Misleading rent vs. buy calculators

Oh, man, some of the online calculators that promise to help you decide whether to rent or buy a home are wicked misleading!

I just plugged in our numbers, and one calculator made so many assumptive and factual errors it was scary. I now feel the need to blog a public service announcement. Stand back. This may be messy.

First of all, though my rent would be less than my mortgage, the calculator assumed I would spend the difference rather than save it. Don’t they know I watch Suze Orman? Big problem for the bottom line, that assumption. And there was no way to change it.

Second, the calculator assumed that every penny paid to the mortgage would come off the principle. I asked for a calculation on four years of renting versus buying. The calculator said that I would shave at least a third of the balance of the loan in that time. With what loan? Is someone now offering principle-only loans? ‘Cuz I’ get one of them, no question. In the first four years of a mortgage, we’ll be lucky if 15% of our payment goes to principle. Using the faulty numbers, the calculator had my savings account ten times bigger than it really would be after four years of owning a new mortgage. That’s 1000% off. Slight problem, no?

Third, the calculator neglected to take closing costs for the purchase and sale, or realtor costs out of the alleged profit I’d make after four years of ownership (which is really bank ownership and my borrowship).

Did I just find a bad rent vs. buy calculator? Maybe. This one seems pretty good because it asks a lot more questions and involves a lot more financial nuances. I think the mortgage and realtor web sites that have these calculators have more than a little at stake in convincing us that home ownership is an “always””, rather than a “sometimes” wise decision.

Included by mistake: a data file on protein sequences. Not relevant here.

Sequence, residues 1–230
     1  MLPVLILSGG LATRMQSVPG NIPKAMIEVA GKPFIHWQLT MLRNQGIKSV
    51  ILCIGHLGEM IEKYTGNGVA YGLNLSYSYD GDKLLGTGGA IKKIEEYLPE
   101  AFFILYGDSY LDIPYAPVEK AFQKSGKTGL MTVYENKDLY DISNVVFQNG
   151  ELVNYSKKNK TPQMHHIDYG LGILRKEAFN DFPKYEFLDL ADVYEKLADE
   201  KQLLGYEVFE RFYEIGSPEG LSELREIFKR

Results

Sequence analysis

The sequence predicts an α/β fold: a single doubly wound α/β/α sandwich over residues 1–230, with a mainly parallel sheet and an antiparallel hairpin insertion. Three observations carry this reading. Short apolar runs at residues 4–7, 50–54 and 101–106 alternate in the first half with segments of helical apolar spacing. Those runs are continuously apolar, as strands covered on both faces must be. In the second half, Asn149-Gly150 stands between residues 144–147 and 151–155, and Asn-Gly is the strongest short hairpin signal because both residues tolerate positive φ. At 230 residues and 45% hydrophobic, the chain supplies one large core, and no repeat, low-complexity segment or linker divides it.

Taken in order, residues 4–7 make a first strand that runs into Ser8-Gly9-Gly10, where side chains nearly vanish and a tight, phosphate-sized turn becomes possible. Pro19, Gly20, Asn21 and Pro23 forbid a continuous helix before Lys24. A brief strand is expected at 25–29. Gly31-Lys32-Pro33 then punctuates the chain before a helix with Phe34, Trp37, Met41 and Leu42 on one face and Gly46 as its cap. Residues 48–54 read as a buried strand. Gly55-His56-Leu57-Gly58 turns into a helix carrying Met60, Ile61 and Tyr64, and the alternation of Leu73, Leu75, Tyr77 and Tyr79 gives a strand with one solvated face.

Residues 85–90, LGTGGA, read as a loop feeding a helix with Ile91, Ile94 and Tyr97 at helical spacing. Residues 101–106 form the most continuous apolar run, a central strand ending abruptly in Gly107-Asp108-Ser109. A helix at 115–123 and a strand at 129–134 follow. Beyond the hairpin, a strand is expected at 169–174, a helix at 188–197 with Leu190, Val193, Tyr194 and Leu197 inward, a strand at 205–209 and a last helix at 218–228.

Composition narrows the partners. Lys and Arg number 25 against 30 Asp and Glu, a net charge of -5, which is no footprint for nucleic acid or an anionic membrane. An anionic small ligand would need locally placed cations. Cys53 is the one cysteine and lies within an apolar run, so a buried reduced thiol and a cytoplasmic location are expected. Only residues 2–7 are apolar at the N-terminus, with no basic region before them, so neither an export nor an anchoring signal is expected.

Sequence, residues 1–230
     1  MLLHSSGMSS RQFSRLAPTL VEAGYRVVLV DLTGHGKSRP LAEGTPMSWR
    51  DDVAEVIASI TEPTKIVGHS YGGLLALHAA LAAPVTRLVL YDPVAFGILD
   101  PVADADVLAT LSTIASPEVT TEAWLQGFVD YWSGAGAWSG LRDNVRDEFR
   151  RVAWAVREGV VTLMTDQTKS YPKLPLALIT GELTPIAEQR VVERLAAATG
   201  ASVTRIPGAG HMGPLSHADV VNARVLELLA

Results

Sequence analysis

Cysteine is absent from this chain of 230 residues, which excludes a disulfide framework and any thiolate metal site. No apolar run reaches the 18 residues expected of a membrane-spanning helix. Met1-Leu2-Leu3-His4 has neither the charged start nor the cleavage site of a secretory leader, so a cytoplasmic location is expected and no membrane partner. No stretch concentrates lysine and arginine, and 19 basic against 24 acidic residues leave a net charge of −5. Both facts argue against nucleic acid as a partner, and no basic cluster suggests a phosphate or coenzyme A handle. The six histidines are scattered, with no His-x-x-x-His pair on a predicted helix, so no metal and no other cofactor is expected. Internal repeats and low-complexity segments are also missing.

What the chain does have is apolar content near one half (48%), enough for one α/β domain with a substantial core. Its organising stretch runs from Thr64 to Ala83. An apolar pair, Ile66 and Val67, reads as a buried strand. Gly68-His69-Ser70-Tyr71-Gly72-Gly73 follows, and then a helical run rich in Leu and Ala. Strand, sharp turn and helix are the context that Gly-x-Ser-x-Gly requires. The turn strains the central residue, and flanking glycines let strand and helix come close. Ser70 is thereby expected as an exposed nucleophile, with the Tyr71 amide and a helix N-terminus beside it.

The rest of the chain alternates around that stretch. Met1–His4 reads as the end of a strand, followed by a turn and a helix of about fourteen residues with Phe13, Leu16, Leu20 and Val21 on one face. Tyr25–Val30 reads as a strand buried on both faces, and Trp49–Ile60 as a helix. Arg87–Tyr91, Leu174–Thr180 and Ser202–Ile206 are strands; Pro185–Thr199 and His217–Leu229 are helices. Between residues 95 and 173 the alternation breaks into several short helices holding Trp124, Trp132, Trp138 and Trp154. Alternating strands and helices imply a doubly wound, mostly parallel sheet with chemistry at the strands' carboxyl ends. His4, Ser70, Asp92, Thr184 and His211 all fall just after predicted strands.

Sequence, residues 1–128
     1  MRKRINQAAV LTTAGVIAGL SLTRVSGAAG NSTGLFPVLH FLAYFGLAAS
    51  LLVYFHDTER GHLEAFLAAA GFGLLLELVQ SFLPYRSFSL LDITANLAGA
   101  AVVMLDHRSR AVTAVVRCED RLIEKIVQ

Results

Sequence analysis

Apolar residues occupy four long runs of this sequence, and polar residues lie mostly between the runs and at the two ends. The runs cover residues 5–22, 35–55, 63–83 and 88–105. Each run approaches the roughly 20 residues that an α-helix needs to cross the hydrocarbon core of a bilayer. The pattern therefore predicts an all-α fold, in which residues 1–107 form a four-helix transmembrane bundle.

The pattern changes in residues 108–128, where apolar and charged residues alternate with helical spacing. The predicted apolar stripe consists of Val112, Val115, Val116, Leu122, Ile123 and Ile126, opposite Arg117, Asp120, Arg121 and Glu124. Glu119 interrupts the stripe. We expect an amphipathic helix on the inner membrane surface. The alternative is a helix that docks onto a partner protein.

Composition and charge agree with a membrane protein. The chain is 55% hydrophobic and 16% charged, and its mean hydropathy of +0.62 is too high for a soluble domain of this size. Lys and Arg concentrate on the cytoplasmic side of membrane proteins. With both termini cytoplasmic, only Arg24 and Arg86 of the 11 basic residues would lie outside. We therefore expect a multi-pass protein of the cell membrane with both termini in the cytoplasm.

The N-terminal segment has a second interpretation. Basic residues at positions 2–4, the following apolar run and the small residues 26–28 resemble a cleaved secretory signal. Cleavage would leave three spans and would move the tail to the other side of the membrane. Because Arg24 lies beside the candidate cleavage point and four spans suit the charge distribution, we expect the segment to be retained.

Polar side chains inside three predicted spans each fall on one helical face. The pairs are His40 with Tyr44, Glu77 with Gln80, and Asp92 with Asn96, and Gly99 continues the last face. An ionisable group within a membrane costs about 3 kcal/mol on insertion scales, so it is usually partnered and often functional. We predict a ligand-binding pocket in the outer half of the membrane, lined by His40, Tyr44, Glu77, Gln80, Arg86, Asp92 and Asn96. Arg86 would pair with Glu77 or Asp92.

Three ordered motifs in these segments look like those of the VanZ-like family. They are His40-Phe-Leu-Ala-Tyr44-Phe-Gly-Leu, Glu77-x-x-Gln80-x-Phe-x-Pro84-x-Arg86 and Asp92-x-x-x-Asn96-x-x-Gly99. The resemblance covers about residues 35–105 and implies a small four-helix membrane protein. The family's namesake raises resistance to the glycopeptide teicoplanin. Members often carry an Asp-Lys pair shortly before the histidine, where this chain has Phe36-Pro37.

Deciding whether to buy a really small, 8 trillion dollar Berkeley house that we won’t keep for more than 4 years, I found this site about homeownership myths useful. (Yes, it’s flawed, especially in not articulating why its title exists, but the financial blogosphere seems very threatened by its overall points. I won’t link to their nonsense. Geez. If someone arguing that renting is sometimes okay threatens your whole raison d’etre, get a therapist.) Even today, my SoCal realtor told me the interest write-off is a good reason to buy. Um, you don’t get the interest as a refund. It comes off our pre-tax income and therefore gets us about 15% of our interest payment back. Call me jaded, after selling in a down market, but I don’t always think buying is the best answer. Do the math yourself. Don’t use an online calculator. (And if you do, find a good one.)

(And don’t buy from liars who don’t disclose material facts that will keep you from selling at a fair price later. Seriously. But that’s a whole ‘nother entry.)

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